Writing 201 Poetry Task 8 (Drawer)

I just wrote this inventory-poem in response to Writing 201 Poetry Task 8, which asked participants to clear out a drawer and describe its contents. I found this task especially instructive and productive. I was not only inspired to clear out a drawer I haven’t opened in ages, but also shocked by the way the accumulation of objects and the way I choose to describe them build up a faithful but far-from-flattering form of poetic self-portrait.

Stuff stuffed in a drawer

A July 2009 electricity bill

Three old adhesive bandages that have still not lost their stick (two now I just tested one)

A worn leather wallet full of faded receipts, blank check-stubs and unused business cards

First drafts of apologetic notes left by semi-literate maids

A pub calendar

Expired aspirin

A packet of spring onion seeds

The incomprehensible instructions to an old cell phone

Rubber bands melted by the heat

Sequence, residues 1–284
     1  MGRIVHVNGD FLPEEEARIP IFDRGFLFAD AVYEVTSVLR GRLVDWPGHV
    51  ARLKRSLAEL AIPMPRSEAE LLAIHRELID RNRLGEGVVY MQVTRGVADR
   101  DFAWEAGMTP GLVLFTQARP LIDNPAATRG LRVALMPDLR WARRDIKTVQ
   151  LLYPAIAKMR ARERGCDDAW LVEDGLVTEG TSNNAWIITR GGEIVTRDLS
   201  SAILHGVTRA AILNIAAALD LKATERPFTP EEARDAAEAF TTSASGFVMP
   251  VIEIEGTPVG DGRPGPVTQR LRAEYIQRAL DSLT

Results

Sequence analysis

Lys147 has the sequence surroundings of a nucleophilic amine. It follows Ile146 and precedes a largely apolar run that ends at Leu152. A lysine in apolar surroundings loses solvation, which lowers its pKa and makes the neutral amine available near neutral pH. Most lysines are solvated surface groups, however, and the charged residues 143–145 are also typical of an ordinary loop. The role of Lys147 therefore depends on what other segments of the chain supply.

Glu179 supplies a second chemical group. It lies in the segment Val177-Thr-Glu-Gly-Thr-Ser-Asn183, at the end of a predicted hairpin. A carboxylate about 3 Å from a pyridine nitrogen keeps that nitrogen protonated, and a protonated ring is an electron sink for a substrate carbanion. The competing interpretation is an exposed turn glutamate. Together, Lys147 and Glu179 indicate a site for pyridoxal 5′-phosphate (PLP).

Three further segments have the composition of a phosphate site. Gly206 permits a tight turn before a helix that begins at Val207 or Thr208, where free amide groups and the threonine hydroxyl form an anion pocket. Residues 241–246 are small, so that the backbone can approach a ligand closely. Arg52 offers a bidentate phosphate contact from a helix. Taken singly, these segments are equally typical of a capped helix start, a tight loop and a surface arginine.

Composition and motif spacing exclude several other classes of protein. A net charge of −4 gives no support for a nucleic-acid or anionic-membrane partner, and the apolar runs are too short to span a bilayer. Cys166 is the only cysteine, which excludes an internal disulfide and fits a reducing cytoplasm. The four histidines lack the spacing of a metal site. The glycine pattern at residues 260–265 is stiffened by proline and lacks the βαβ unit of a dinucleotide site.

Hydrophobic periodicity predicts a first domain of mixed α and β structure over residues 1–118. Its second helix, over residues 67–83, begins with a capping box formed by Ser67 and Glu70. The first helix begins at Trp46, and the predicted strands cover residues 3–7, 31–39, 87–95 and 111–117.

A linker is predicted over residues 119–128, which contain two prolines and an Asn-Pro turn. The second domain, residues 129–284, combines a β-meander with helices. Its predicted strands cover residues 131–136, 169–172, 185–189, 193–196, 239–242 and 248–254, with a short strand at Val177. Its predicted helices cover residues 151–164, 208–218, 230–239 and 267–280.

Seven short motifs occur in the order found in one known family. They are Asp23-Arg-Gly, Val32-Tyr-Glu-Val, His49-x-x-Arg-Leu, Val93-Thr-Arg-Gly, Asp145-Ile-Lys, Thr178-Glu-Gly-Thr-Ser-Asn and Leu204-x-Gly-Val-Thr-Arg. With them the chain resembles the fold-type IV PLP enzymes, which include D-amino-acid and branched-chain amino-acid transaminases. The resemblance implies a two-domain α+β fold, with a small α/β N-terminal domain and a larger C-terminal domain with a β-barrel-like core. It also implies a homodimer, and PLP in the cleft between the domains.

Long-since dried out pens gifted by friends

Earphones and one-armed sunglasses

Annoying-sounding wind chimes

A Zippo lighter and a key-ring bunged up by rust

A succinct birthday note from an ex

Plastic parts whose function is now obscure

A list of poems (some unwritten) for inclusion in a book

A scratchily written film review and a sketch of TV script

Emails from a probate lawyer printed out on sky-blue paper

A single loose paperclip

A green highlighter pen still in its packaging

A 2007 charity Christmas card from a work colleague (candles, holly, pine-cones, baubles, painted with mouth and feet)

Dust and sand

A plaster of Paris statuette of an angel with a clipped wing and one leg broken off

A single roulette chip

The handle of the drawer

Page 22 of the screenplay of Casablanca [beginning “I’ll get it from the safe”,

ending “Rick: I stick my neck out for nobody.// Renault: A wise foreign policy.”]

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6 thoughts on “Writing 201 Poetry Task 8 (Drawer)

  1. I just loved the ‘handle of the drawer’. And the rest, what a great picture (reminds me of a much loved sister). Thanks for the follow – I somehow missed you on Poetry 201, so many people to read, so little time, now I can read some more of yours.

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